A lot of your advice seems to come from an assumption of limited practice time. Anyone with an open schedule or a lot of determination can find the time required to become a well-rounded musician.

Scales, for example, aren't a big deal. It might take someone a few hours to hack through all 12 scales the first few times, but after that it's a breeze. I play dozens of scales every day as part of my warm ups. Takes about 15 minutes.
Last edited by cdgraves at Mar 8, 2013,
#9
Quote by giutar
Hello!

I'm a beginner and would like to learn the notes of the fretboard. Any tips (or websites/books) on how to best learn this?

I'd also like to start learning music theory and wanted to ask for a book recommendation. I'm pretty sure, I won't get bored by music theory at all, but want to avoid learning too much theoretical stuff, which in the end won't help my actual guitar playing or songwriting. So a book on theory, but with a practical focus would be great.

Thanks for any help!
giutar



If you're a beginner, I recommend putting that sort of thing on hold, and instead put some quality time in to playing fundamentals. Get yourself through a book or 2, learn some easy chords, and some easy songs. Get good at that stuff, and then with that foundation start looking into theory. You'll learn the fretboard gradually in the process, and in a way that will stick.
#10
Just memorize what every note sounds like in an absolute fashion so for example when something is a Db you can hear it and go "that was a Db".
#11
I recommend an exercise i do for 10 minutes everyday, it will greatly help you to learn your fretboard.

Now i use an application for my phone to do this, but you can write it down on pieces of paper or whatever.

What i do is i use this application that generates random root notes, then i play that note on each string as fast as i can (although keeping into consideration that it is better to slow down and get it right then speed up and get it wrong).

Start going from E -> A -> D -> G -> B -> e. Playing (for example) all the "A" notes. (You only need to do this between the open string and 12 fret though, cause it repeats after the 12th fret.

It's a great exercise. Then you can swap around and do maybe play all the "A" notes on the E string, then the D, then the A, then the G. (skipping one string each time).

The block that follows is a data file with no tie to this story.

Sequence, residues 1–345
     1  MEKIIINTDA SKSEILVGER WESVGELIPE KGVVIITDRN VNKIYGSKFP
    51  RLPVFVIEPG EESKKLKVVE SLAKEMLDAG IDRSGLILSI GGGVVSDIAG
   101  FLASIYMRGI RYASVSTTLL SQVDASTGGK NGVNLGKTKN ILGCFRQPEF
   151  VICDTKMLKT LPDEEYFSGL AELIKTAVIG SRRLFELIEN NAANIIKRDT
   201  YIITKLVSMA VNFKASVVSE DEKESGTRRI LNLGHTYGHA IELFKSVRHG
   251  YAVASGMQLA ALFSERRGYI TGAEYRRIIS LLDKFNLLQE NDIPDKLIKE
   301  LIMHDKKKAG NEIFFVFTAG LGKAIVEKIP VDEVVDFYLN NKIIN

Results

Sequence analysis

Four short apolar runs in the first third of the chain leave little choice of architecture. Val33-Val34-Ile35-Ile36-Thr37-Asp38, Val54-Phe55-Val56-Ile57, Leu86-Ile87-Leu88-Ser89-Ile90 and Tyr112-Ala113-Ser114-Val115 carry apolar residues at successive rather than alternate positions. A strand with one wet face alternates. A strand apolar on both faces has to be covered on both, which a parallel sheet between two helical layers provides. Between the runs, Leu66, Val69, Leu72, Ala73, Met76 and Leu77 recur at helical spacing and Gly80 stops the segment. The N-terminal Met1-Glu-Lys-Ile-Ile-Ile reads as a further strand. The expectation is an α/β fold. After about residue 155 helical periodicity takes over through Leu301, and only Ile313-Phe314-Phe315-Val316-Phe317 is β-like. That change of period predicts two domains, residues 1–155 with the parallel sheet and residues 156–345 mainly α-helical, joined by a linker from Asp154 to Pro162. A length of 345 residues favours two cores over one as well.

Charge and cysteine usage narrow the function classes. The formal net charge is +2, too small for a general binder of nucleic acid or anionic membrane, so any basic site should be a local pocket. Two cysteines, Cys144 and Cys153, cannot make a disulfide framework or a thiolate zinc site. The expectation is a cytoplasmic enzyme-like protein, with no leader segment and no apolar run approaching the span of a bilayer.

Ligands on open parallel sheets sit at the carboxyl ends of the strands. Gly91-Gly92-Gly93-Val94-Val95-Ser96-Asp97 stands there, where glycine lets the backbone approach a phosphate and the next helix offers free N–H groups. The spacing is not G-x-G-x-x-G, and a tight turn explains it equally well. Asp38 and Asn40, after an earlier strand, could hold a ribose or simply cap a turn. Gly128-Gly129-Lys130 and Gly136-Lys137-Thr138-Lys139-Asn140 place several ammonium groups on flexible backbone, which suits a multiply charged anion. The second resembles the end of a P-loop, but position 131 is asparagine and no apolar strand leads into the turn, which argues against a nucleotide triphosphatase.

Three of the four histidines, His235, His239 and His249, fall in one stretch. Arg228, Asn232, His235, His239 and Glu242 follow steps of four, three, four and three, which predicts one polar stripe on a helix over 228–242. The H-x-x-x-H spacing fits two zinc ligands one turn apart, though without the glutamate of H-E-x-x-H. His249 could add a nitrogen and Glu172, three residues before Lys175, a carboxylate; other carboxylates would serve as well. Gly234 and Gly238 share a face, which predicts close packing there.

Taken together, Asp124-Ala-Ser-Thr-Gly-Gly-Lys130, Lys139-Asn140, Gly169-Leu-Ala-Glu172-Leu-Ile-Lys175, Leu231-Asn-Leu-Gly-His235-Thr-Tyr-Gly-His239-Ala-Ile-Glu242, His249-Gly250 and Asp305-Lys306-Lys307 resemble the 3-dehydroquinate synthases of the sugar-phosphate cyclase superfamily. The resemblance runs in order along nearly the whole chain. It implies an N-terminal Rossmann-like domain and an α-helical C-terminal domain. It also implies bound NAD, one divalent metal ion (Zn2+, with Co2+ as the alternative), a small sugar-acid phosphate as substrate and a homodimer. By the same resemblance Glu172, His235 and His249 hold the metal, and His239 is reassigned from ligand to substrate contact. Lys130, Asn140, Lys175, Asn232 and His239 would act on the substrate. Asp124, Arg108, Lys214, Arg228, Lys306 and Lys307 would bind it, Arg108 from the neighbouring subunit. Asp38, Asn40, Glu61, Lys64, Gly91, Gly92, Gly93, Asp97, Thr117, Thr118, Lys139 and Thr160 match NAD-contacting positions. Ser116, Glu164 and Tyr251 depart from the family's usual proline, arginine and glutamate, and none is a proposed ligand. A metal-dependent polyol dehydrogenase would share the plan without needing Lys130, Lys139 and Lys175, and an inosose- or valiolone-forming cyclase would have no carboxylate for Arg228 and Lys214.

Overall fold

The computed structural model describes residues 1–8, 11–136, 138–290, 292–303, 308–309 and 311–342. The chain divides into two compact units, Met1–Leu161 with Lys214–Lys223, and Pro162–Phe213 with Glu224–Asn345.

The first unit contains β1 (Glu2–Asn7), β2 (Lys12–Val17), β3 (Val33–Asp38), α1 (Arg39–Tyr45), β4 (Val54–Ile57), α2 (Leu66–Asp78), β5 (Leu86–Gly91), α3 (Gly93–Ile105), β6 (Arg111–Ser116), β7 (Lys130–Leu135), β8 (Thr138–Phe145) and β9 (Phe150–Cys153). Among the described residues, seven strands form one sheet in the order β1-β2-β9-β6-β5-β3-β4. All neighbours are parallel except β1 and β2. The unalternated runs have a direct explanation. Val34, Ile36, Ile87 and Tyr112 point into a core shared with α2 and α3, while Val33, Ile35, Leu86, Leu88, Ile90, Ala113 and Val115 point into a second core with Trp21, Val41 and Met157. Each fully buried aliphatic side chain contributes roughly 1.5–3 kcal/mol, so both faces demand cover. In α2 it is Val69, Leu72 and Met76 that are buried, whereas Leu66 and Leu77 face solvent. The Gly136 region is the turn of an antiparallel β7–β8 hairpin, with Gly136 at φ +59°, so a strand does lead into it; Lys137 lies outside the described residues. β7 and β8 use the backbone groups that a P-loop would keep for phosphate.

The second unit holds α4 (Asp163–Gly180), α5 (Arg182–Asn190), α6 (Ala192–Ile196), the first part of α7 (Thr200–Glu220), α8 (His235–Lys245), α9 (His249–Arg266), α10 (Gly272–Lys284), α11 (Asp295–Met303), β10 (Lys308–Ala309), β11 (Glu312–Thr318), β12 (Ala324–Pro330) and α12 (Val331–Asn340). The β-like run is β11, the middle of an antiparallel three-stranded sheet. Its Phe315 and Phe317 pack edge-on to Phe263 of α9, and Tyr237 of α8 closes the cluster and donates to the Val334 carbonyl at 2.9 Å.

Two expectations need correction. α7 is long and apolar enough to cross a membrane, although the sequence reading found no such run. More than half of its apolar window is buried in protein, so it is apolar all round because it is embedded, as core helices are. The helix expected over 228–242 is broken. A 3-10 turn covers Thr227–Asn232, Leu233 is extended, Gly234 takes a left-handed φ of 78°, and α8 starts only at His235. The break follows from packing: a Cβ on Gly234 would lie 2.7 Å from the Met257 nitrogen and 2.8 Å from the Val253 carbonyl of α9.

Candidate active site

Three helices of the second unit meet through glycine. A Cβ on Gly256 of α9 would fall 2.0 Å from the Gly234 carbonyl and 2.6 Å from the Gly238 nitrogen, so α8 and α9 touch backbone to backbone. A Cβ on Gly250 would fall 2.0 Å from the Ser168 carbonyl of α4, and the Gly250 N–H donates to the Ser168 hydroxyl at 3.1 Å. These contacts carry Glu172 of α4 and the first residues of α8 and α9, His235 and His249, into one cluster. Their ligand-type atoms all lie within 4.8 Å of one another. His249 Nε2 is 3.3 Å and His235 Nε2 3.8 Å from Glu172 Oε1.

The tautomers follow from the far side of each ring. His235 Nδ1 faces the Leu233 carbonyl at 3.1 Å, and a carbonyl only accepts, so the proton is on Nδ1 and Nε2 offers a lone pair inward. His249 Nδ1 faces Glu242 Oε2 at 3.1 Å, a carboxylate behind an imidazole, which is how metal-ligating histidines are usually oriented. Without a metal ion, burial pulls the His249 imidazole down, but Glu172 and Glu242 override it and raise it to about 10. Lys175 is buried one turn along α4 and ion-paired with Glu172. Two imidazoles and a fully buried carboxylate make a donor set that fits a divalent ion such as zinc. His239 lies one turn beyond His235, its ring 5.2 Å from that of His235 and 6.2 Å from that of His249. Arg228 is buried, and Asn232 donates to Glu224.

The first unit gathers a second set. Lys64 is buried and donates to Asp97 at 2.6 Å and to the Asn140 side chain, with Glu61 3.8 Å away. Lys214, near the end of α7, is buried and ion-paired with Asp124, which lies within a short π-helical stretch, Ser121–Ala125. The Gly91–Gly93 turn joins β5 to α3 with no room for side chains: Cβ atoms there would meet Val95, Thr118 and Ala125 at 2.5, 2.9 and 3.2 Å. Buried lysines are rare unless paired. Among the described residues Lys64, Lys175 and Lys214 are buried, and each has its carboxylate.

Good luck and keep practicing!
Fusion and jazz musician, a fan of most music.

Quote by Guthrie Govan
“If you steal from one person it's theft, and if you steal from lots of people it's research”


Quote by Chick Corea
"Only play what you hear. If you don't hear anything, don't play anything."
#12
Quote by cdgraves
learning the freatboard =/= being good at music. But it helps.

A lot of your advice seems to come from an assumption of limited practice time. Anyone with an open schedule or a lot of determination can find the time required to become a well-rounded musician.

Scales, for example, aren't a big deal. It might take someone a few hours to hack through all 12 scales the first few times, but after that it's a breeze. I play dozens of scales every day as part of my warm ups. Takes about 15 minutes.


i just get antsy is all

with a dedicated teacher, absolutely i trust them to show scales as purely a warm-up/technical exercise to get your fingers up to snuff

but when it comes to being self-taught, there are waaaay too many kids on this site who only run through scales. and it's like, nigga, stop

Quote by GuitarMunky
If you're a beginner, I recommend putting that sort of thing on hold, and instead put some quality time in to playing fundamentals. Get yourself through a book or 2, learn some easy chords, and some easy songs. Get good at that stuff, and then with that foundation start looking into theory. You'll learn the fretboard gradually in the process, and in a way that will stick.


agreed with this, when you learn your intervals it becomes a lot easier to feel your way around the fretboard without putting so much thought into it
Quote by Kevätuhri
Hail isn't too edgy for posts, posts are not edgy enough for Hail.


Quote by UseYourThumb
You win. I'm done here.
Last edited by Hail at Mar 9, 2013,
#13
I guess I must have learned differently. For me, getting scales and intervals down by feel were self-same.

Sight reading is also a tremendous skill builder in finding intervals by feel.
#14
Without wishing to resort to hypebole, the TS sounds like an absolute fit for what we teach online.

But I have some questions and comments for a few respondents:

@cdgraves - you wrote:

You need to learn how to use theory analytically before you can apply it effectively in composition. Theory is a lot more than how to build chords and scales. Music Theory is much more about how form, harmony, and rhythm affect the subjective experience of music.